Twitter CEO Jack Dorsey: ‘We can do more to provide algorithmic transparency’

·Technology Editor
·4 min read
Twitter CEO Jack Dorsey appears on a screen as he speaks remotely during a hearing before the Senate Commerce Committee on Capitol Hill, Wednesday, Oct. 28, 2020, in Washington. The committee summoned the CEOs of Twitter, Facebook and Google to testify during the hearing. (Greg Nash/Pool via AP)
Twitter CEO Jack Dorsey appears on a screen as he speaks remotely during a hearing before the Senate Commerce Committee on Capitol Hill, Wednesday, Oct. 28, 2020, in Washington. (Greg Nash/Pool via AP)

Twitter (TWTR) CEO Jack Dorsey will tell lawmakers during a Congressional hearing on extremism and misinformation on Thursday that he wants the social media company’s users to trust decisions it makes when moderating controversial content.

To do that, Dorsey, who will appear alongside Facebook (FB) CEO Mark Zuckerberg and Google (GOOG, GOOGL) CEO Sundar Pichai, says the social network will not only increase transparency into why it decides to take action against some accounts and not others, but address one of the biggest issues facing social networks: How their algorithms function.

“We believe that people should have transparency or meaningful control over the algorithms that affect them,” Dorsey said in written testimony submitted ahead of the hearing. “We recognize that we can do more to provide algorithmic transparency, fair machine learning, and controls that empower people.”

Dorsey’s statement strikes at the heart of one of the biggest most important aspects of any discussion regarding disinformation and misinformation. Algorithms used by social networks have been blamed for pushing users to ever more extreme content.

According to The Wall Street Journal, a 2018 internal Facebook report found just that, indicating that the algorithm pushed users to more divisive content and increased interactions with extremist groups on the platform. Google’s YouTube algorithm has faced similar criticisms in the past, as well.

Dorsey plans to address the question of algorithms by pointing to Twitter’s efforts to make the use of such technologies clearer to its users.

This combination of photos shows from left, Twitter CEO Jack Dorsey, Google CEO Sundar Pichai, and Facebook CEO Mark Zuckerberg. After an angry mob of President Donald Trump supporters took control of the U.S. Capitol in a violent insurrection, Selena Gomez laid much of the blame at the feet of Big Tech. It’s the latest effort by the 28-year-old actress-singer to draw attention to the danger of internet companies critics say have profited from misinformation and hate on their platforms.(AP Photo/Jose Luis Magana, LM Otero, Jens Meyer)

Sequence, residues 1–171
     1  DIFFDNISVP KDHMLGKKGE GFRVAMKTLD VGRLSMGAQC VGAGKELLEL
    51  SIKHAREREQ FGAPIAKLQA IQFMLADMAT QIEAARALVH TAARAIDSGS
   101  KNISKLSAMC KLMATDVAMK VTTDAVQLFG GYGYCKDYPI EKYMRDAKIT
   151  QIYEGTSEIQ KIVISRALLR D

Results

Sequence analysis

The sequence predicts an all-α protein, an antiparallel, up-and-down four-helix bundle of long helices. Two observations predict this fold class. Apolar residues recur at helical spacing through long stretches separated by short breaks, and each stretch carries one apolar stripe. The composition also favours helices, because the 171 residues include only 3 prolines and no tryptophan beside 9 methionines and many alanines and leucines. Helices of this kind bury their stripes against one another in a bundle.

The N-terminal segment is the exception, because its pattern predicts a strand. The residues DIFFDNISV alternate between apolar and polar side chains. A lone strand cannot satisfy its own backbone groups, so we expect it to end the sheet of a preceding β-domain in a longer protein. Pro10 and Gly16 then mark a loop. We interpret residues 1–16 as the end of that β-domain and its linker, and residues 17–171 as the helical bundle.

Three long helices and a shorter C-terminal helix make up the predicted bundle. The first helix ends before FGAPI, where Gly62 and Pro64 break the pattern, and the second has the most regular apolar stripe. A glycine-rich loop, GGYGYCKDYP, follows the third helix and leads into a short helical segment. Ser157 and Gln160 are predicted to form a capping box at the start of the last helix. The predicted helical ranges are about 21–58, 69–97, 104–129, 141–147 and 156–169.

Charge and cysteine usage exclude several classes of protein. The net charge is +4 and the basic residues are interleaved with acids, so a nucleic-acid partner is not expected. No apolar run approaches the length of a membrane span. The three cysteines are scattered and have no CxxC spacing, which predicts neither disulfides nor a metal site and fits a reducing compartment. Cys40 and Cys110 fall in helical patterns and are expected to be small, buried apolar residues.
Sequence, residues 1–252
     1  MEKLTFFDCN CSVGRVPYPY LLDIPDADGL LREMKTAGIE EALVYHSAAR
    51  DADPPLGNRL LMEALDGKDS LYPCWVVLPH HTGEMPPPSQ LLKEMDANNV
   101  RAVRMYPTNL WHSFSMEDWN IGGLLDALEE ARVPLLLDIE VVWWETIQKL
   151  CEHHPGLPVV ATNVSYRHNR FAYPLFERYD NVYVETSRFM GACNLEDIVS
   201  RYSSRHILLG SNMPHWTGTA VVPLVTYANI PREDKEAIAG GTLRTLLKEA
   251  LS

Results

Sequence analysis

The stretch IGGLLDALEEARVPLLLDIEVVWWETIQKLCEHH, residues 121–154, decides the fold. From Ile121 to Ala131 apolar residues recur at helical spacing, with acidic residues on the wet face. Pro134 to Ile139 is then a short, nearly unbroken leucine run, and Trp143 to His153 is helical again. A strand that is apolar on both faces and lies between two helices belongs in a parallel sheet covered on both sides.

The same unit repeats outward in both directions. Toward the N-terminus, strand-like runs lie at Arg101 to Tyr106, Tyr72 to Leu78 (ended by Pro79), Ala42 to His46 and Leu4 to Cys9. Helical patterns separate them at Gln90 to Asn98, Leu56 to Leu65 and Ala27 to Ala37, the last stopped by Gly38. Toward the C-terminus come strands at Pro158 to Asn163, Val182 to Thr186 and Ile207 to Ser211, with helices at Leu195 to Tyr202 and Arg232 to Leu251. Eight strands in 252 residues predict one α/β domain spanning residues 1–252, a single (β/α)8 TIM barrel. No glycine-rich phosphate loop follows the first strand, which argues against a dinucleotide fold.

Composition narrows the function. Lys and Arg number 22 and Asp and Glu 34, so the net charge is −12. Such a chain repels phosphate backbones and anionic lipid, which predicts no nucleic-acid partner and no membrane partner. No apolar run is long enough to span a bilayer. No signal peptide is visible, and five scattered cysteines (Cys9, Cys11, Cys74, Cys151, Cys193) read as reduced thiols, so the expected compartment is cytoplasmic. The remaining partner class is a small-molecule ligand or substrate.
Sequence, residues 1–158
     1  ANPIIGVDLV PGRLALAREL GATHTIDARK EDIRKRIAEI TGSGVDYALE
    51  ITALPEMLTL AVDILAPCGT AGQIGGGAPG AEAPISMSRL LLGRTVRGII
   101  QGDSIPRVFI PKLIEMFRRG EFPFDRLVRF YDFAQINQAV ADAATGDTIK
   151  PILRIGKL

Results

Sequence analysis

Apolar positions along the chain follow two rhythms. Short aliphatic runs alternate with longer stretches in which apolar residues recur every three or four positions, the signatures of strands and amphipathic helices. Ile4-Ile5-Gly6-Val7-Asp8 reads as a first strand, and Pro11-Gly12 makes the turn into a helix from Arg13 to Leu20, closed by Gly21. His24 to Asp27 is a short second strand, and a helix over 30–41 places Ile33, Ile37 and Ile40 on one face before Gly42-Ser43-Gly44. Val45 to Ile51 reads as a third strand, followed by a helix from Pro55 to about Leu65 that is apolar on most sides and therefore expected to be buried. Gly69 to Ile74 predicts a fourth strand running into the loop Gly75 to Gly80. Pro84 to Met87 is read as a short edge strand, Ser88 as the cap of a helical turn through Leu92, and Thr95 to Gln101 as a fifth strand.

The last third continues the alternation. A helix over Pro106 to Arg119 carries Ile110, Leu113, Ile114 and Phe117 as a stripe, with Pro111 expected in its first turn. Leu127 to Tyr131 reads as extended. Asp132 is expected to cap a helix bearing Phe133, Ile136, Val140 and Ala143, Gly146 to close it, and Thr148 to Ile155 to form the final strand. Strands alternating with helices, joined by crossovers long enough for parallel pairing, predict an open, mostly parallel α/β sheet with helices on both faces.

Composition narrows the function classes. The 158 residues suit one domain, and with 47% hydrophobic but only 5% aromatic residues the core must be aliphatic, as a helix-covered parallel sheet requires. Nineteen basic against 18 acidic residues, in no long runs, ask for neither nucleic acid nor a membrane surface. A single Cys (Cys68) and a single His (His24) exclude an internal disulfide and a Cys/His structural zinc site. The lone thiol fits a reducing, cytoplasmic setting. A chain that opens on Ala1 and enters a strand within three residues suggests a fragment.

Twitter CEO Jack Dorsey will appear before the Commerce Committee alongside Facebook CEO Mark Zuckerberg and Google CEO Sundar Pichai.(AP Photo/Jose Luis Magana, LM Otero, Jens Meyer)

“The machine learning teams at Twitter are studying techniques and developing a roadmap to ensure our present and future algorithmic models uphold a high standard when it comes to transparency and fairness,” Dorsey said in his testimony.

Thursday’s hearing will mark the third time Dorsey and Zuckerberg have appeared before Congress to discuss misinformation, disinformation, and Section 230 of the Communications Decency Act. That law provides liability protection for websites and platforms that host user-generated content. It also allows sites to moderate that content.

Some Republicans say 230 allows social media sites to censor conservative voices, while some Democrats say it allows social networks to leave up disinformation and misinformation without facing any consequences.

Dorsey and Zuckerberg are likely to face harsh questions from conservative members of the Commerce Committee for banning former President Donald Trump from their platforms following the Jan. 6 Capitol attack.

Zuckerberg’s Facebook has turned the ultimate decision of what to do with Trump’s Facebook accounts over to its oversight board, which will determine if Trump should receive a permanent ban or have his profiles reinstated.

Twitter, which served as Trump’s de facto bullhorn throughout his presidency, banned Trump outright after the attack. The company is now seeking user input on how to deal with world leaders who use its platform.

Dorsey will also use Thursday’s hearing to tout Twitter’s upcoming Birdwatch tool, which is in its pilot stage and takes a community-driven approach to dealing with disinformation. Essentially, users around the world will be able to point to content that is false or misleading on the site.

“We hope that engaging diverse communities here will help address current deficits in trust for all,” Dorsey wrote in his testimony.

Dorsey will also discuss Bluesky, a set of open-source standards that Twitter is developing for social media networks.

“Bluesky will eventually allow Twitter and other companies to contribute to and access open recommendation algorithms that promote healthy conversation and ultimately provide individuals greater choice,” Dorsey said. “These standards will support innovation, making it easier for startups to address issues like abuse and hate speech at a lower cost.”

Bluesky, however, is still far from being released as a complete package, and Congress is looking for solutions to its grievances sooner rather than later.

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